Israel dismisses 1,000 complaints of torture

Israel has failed to launch a single criminal investigation for torture despite more than 1,000 complaints by victims since 2001.
Last week, the Tel Aviv newspaper Haaretz revealed that the justice ministry unit responsible for investigating torture complaints, known by its Hebrew acronym Mivtan, employs only one investigator.
Mivtan “has never launched a single criminal investigation against a Shin Bet agent, even though it has examined many hundreds of complaints,” Haaretz reports, referring to the Israeli secret police agency also commonly known as Shabak, the Israel Security Agency or the General Security Service.
The fact that there is only a single investigator means “it’s unlikely that complaints can be thoroughly examined,” Haaretz states. “In practice, then, the unit does not interfere with the Shin Bet’s work, even though complainants have reported harsh and prohibited forms of torture – including severe beatings and extensive sleep deprivation.”
From 2001 to 2008, nearly 600 complaints were submitted to Mivtan, but every single one was dismissed. During that period, the investigations were carried out by a Shin Bet employee, meaning in effect that the agency that was accused of torture was in charge of investigating itself.
In 2013, the justice ministry named an ostensibly more independent person to head the unit, but with no impact: none of the approximately 300 inquiries conducted since the appointment resulted in a single criminal investigation either, according to Haaretz.
The impunity extends to circumstances where there is strong evidence that torture led to the death of a detainee, such as Arafat Jaradat, a 33-year-old father of two who died after an Israeli interrogation in Megiddo prison in 2013.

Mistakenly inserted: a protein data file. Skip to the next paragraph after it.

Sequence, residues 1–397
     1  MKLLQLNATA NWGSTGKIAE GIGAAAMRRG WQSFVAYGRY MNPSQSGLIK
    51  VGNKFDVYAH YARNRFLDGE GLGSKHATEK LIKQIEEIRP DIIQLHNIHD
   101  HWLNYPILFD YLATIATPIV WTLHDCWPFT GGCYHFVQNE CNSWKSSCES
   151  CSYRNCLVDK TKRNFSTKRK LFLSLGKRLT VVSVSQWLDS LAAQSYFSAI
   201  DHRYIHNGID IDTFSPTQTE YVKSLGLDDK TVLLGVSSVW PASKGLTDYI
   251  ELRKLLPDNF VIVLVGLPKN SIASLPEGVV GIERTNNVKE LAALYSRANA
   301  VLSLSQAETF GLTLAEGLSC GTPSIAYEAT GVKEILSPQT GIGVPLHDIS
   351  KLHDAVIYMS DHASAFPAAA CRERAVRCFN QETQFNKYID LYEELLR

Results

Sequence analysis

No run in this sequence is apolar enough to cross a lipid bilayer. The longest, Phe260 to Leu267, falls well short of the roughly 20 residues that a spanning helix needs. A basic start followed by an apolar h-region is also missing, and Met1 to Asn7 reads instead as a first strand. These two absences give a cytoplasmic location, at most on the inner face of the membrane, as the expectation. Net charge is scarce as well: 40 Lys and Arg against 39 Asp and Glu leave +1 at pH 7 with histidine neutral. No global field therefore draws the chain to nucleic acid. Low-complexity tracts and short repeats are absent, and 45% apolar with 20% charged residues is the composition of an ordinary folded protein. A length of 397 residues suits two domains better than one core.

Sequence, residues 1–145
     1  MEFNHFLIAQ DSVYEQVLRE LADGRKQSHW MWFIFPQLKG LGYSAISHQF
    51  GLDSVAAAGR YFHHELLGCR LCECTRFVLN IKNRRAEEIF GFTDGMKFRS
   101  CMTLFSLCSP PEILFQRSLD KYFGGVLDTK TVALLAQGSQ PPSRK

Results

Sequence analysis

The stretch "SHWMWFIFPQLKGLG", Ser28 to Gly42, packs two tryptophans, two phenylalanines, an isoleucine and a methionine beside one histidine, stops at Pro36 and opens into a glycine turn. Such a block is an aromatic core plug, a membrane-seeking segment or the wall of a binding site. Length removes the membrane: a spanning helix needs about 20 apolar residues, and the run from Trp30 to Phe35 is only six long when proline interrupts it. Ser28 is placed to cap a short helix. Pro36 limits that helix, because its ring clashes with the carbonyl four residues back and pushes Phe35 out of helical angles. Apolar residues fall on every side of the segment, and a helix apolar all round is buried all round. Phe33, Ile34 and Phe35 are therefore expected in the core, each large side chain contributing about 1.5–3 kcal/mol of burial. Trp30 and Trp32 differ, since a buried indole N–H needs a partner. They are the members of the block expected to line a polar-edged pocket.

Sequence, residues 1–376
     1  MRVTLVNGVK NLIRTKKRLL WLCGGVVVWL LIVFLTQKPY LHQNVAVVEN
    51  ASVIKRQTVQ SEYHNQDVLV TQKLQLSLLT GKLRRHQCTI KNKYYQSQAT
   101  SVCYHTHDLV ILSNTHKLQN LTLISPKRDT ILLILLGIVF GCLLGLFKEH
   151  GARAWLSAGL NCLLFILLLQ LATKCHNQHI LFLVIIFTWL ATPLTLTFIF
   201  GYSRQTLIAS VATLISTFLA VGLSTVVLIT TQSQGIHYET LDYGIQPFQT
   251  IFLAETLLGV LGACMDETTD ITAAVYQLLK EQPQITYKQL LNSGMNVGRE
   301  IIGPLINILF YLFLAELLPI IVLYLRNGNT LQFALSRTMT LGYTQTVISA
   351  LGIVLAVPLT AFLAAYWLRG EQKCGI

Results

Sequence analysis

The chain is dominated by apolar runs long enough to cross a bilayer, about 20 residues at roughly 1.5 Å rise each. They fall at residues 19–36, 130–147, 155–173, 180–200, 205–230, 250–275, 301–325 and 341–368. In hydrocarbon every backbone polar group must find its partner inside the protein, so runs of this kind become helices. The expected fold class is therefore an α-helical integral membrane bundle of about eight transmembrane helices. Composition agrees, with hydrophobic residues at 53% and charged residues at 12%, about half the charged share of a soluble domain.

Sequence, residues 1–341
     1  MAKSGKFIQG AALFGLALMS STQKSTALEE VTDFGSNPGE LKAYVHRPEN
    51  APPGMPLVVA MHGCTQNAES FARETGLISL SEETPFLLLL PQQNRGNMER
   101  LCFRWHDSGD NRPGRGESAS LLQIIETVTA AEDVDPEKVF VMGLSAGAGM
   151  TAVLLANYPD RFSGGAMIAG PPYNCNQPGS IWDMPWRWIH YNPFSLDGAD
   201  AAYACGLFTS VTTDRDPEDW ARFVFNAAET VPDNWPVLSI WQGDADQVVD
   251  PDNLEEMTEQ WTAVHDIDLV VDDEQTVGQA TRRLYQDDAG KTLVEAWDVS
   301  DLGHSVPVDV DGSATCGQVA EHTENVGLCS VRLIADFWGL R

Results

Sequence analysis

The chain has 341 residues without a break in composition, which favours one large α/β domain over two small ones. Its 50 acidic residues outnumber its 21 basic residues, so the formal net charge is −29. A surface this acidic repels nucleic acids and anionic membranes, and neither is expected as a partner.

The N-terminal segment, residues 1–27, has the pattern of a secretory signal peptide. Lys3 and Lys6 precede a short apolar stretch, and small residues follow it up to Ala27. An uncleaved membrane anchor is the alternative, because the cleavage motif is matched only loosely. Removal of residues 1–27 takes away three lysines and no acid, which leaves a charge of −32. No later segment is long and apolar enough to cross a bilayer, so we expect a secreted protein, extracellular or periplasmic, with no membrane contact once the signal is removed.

Mivtan only reports the numbers of inquiries it conducts, not the total number of complaints received. However Efrat Bergman-Sapir, an attorney with the nonprofit group Public Committee Against Torture in Israel, told Haaretz her organization has submitted more than 1,000 complaints since 2001.
The revelations about the scale of impunity Israeli interrogators enjoy come as a new survey from the International Committee of the Red Cross (ICRC) has found that world opinion is becoming more tolerant of torture.
In September, the ICRC surveyed 17,000 people in the five nations that are members of the UN Security Council, as well as in Switzerland and in 10 countries “affected by war” – including Israel and Palestine (the occupied West Bank and Gaza Strip).
Overall, 66 percent of those surveyed said that torture is “wrong,” while 27 percent said that it was “part of war.”
In Israel, just 44 percent said torture is wrong and 38 percent accepted it as part of war.
Perhaps reflecting the fact that they have lived under Israeli military occupation for decades, Palestinians were the most inured to torture, according to the survey: just 35 percent – the lowest for any country – said it was wrong, while 52 percent said it is part of war.
But when it came to specific circumstances for using torture, Israelis are among the most enthusiastic. When asked if a captured enemy combatant could be tortured to obtain important military information, just 25 percent of Israelis answered “no” while half said this would be acceptable.
By contrast, 53 percent of Palestinians rejected torturing an enemy combatant, while a third said it would be acceptable. According to the survey, Palestinians are more opposed to torture of an enemy combatant than the publics in the UK, US, Nigeria and Ukraine.

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